New magnetic resonance techniques for in vivo free radical detection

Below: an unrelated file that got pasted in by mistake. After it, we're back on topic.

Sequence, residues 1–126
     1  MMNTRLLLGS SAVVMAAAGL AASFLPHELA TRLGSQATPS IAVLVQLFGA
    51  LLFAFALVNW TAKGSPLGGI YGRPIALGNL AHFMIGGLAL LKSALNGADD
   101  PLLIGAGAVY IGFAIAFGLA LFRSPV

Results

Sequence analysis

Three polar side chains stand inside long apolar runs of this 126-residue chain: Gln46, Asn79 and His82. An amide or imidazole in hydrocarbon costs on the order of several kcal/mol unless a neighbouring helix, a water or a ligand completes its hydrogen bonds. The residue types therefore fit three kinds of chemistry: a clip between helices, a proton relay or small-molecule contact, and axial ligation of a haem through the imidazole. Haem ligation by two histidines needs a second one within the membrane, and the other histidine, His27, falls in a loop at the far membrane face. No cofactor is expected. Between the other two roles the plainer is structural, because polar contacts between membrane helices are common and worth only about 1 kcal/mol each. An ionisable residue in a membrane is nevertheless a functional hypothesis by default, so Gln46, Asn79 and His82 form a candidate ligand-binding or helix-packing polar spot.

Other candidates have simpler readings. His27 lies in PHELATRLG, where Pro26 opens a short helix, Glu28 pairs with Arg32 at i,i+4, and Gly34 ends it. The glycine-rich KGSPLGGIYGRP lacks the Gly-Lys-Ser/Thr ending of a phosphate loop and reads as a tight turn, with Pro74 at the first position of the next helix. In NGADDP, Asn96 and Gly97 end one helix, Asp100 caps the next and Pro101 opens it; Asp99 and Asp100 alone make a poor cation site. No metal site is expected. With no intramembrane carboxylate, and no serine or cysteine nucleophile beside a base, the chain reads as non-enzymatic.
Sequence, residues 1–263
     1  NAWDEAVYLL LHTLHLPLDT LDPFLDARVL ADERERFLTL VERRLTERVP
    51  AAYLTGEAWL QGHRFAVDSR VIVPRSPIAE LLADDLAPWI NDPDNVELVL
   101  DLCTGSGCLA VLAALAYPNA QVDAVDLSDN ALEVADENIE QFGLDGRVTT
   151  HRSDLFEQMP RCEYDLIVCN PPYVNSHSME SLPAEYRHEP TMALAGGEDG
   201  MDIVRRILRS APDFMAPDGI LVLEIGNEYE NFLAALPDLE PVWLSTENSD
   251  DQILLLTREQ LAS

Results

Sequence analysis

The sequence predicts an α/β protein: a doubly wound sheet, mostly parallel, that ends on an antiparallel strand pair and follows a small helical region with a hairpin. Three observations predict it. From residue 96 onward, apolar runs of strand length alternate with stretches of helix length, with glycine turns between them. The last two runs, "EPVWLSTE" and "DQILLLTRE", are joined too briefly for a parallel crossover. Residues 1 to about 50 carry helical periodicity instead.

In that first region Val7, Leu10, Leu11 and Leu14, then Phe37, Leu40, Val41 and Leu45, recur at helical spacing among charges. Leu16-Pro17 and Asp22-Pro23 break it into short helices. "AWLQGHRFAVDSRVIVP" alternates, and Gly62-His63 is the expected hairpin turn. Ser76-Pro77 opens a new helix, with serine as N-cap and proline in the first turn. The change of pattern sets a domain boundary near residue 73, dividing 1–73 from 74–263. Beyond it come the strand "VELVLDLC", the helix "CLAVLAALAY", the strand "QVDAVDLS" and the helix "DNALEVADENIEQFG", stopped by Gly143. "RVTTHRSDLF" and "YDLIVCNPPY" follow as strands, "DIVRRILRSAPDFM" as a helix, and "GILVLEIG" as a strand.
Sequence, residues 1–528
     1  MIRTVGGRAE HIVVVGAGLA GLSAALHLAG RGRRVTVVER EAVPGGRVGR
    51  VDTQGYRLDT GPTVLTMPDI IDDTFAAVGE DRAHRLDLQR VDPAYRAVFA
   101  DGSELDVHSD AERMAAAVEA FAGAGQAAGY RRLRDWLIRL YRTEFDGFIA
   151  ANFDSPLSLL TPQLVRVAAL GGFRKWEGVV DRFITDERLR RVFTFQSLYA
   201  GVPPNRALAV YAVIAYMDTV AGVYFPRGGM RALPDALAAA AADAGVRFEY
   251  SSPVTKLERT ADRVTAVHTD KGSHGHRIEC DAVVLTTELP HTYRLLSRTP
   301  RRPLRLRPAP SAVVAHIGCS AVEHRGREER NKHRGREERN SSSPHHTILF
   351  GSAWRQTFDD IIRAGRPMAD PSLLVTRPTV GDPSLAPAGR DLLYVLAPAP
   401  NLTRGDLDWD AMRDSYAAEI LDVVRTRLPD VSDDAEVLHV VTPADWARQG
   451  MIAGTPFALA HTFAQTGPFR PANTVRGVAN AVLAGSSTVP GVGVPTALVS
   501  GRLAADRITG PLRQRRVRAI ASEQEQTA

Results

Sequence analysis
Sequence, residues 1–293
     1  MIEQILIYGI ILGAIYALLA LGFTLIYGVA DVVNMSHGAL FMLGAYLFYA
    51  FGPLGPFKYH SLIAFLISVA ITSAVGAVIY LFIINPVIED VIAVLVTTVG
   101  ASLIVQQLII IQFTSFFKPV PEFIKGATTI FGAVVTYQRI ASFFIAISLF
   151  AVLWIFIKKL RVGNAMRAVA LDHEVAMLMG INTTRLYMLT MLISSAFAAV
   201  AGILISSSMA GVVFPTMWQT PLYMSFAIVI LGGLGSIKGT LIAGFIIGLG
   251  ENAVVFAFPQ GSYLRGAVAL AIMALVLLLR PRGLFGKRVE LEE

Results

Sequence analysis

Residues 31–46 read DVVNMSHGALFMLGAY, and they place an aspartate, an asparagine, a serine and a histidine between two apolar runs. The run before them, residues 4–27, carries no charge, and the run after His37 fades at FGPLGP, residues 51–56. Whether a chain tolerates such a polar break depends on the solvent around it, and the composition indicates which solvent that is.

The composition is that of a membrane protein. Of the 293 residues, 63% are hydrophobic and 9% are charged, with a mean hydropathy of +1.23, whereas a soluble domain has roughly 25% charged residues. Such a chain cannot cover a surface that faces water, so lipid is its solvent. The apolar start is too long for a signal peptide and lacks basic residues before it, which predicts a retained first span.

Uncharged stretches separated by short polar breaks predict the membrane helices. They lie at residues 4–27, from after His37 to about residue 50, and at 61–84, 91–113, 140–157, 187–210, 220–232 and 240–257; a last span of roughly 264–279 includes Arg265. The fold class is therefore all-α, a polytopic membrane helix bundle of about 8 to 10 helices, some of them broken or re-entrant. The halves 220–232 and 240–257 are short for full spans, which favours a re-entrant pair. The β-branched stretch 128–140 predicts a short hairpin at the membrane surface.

Naturally occurring free radicals are involved in normal metabolism and in a number of conditions such as myocardial ischaemia, inflammation, ageing and cancer. Stable free radicals can be introduced into animals and used as "tracers" to study renal function, integrity of the blood-brain barrier, subcutaneous neoplasms, extra vascular viscosity in tumour tissues, oxygen concentration in cells and tissues. They have also been studied as contrast enhancing systems in Magnetic Resonance Imaging (MRI). At present, two closely-related magnetic resonance techniques exist which are capable of imaging free radicals, namely Proton-Electron Double-Resonance Imaging (PEDRI) and Electron Paramagnetic Resonance Imaging (EPRI). These techniques are at the beginning of their development and a substantial improvement of their performances is crucial for future applications. The aim of this thesis was to investigate new methods for improving PEDRI and EPRI techniques at radio frequencies. In summary, the main topics can be grouped as follows: (i) A pulsed dynamic nuclear polarisation (DNP) technique at 10 mT was developed and a theoretical model for calculation of the DNP enhancement with a train of EPR pulses was proposed. It was shown experimentally that the use of pulsed DNP techniques at 10 mT can increase the enhancement and/or decrease the required average applied RF power to samples containing free radicals in solution. (ii) A simultaneous multiple CW EPR irradiation technique for PEDRI at 10 mT was introduced. A novel EPR resonator and a PEDRI apparatus suitable for multiple-frequency EPR irradiation experiments were designed and tested. It was shown that simultaneous multiple CW EPR irradiation increases the PEDRI sensitivity (up to a factor of three with nitroxides in solution). (iii) Novel radio frequency pulsed EPR instrumentation was developed. This apparatus has a submicrosecond dead time and was developed for fast direct detection of free radicals in large samples. However, its field of applicability is very broad and, for example, it can be used for pulsed NMR imaging of solids.